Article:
Quotes & Notes on “Agile Testing Condensed: A Brief Introduction” by Janet Gregory and Lisa Crispin

The book: Agile Testing Condensed: A Brief Introduction

The authors: Janet Gregory & Lisa Crispin

Collaborative testing practices that occur continuously, from inception to delivery and beyond, supporting frequent delivery of value for our customers. Testing activities focus on building quality into the product, using fast feedback loops to validate our understanding. The practices strengthen and support the idea of whole-team responsibility for quality.

This is the authors’ definition of Agile Testing. To me, the biggest differentiator from other testing definitions is that this one promotes to actively improve quality rather than only inform on the status of quality.

When the whole team is responsible for quality of the product as well as quality of the process, each team member needs to be proactive in solving problems.

Quality coaches might educate, prepare or motivate team members to become proactive.

There are many things to consider around your product domain. It is not only the software you are testing; it is the product that your end users depend on.

I find this advice needs to hold true for anyone working in software development.

Exploratory testing exposes misunderstandings about what the software is supposed to do.

These misunderstandings not only appear when coding is finished, but throughout the whole development lifecycle. From acceptance criteria definition to figuring out stress conditions of your productive systems, exploratory testing helps clarify assumptions.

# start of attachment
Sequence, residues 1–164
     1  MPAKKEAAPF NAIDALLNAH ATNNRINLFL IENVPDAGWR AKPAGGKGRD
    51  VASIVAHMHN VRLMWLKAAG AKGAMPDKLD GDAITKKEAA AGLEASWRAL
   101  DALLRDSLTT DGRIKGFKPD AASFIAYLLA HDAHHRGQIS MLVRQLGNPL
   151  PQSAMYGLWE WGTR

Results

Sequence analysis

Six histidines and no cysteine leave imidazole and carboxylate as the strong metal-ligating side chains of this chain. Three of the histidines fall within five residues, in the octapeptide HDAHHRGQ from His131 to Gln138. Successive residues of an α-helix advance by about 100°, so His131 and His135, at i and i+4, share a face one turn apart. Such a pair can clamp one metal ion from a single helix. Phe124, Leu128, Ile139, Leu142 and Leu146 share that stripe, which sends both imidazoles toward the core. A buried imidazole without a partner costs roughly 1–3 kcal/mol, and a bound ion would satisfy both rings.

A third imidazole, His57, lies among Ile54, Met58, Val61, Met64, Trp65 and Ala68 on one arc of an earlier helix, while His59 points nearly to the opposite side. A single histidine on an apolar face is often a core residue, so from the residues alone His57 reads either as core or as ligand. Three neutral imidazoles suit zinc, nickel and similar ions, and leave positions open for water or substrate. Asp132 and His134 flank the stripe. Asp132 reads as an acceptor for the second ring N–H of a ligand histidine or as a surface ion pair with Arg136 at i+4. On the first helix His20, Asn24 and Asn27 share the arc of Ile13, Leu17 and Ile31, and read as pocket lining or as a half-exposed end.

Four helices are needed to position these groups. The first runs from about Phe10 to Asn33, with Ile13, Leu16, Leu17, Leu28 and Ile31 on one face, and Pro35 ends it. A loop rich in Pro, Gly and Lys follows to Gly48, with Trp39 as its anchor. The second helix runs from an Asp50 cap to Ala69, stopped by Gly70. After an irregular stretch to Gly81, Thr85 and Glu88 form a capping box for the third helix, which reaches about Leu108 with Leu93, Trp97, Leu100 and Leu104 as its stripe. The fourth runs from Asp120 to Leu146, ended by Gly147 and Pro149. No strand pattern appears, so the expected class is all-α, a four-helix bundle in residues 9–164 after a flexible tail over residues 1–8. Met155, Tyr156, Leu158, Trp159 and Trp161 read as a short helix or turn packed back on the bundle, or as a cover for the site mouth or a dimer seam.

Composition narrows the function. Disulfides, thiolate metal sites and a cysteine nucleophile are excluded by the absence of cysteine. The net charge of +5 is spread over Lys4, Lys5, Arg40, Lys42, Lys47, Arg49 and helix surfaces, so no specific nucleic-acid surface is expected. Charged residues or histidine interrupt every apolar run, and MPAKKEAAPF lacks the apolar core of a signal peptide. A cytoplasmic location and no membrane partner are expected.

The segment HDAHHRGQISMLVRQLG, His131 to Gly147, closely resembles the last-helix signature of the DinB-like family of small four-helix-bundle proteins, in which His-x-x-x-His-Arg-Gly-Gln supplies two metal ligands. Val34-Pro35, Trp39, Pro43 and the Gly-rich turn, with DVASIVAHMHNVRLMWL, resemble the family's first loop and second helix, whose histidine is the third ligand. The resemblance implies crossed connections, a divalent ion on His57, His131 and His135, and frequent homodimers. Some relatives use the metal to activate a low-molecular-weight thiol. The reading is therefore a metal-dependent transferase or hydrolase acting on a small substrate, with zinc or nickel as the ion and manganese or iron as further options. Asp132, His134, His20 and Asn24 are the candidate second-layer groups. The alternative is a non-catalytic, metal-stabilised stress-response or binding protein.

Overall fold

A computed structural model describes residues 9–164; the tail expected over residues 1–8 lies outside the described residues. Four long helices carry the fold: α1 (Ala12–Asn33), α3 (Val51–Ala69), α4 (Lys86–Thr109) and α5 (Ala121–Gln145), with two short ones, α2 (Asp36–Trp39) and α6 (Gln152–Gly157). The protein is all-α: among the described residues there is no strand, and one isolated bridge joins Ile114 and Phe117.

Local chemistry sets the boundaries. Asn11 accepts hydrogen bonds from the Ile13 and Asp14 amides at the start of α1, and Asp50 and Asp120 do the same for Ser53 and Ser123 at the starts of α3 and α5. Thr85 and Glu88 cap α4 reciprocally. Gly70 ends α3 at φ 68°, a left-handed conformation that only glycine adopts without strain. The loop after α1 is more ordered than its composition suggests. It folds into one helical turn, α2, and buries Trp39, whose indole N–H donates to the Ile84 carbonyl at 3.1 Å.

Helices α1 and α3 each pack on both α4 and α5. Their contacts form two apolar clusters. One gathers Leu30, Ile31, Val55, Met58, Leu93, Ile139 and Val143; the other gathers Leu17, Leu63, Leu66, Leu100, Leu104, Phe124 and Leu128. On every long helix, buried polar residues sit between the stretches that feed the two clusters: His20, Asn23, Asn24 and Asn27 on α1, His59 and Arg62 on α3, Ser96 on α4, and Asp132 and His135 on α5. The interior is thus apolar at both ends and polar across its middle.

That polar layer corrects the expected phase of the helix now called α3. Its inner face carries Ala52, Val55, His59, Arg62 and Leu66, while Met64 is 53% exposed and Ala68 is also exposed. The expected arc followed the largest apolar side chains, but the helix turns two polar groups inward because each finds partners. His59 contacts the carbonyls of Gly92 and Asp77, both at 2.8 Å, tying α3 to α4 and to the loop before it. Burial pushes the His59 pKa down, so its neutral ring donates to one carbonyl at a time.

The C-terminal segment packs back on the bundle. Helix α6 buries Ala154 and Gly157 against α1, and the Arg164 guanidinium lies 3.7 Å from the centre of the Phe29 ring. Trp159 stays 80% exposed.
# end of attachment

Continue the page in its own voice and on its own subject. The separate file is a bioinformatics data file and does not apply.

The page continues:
Quality attributes – or as some people like to call them, non-functional requirements – are often overlooked when discussing a new feature or story. A quality attribute defines the properties under which a feature must operate.

Removing unused features can be just as important as adding popular new ones, since every line of code has a maintenance cost and adds risk.

“Keep only those things that speak to the heart, and discard items that no longer spark joy. Thank them for their service – then let them go.” as Marie Kondo would say.

This ability (observability) to recover so quickly s from production failures lets the team release continual small changes to the product fearlessly, and it’s what makes continuous delivery or deployment a safe practice.

Having an observable system might be an important factor for reducing your “release decision” time.

It’s becoming more common for teams to do exploratory testing in production, using release feature toggles to “hide” new features from customers until testing is complete.

Feature toggles have become a major game changer of how and when testing can be performed in a system.

We recommend that the developers, who are good at writing efficient, maintainable code, work together with the testers, who are good at specifying test cases, to automate tests through the UI as well as all other layers above the base level of the pyramid.

It is not only a good idea to follow this approach because you might not feel confident in using automation for your tests but as well because developers can be the ones maintaining the code and enriching it when necessary.

Turning testing problems into problems for the whole delivery team to address is vital to learning how to build quality into your products and achieving sustainable success.

 

Check the Library page for a full list of the books I have taken notes on.

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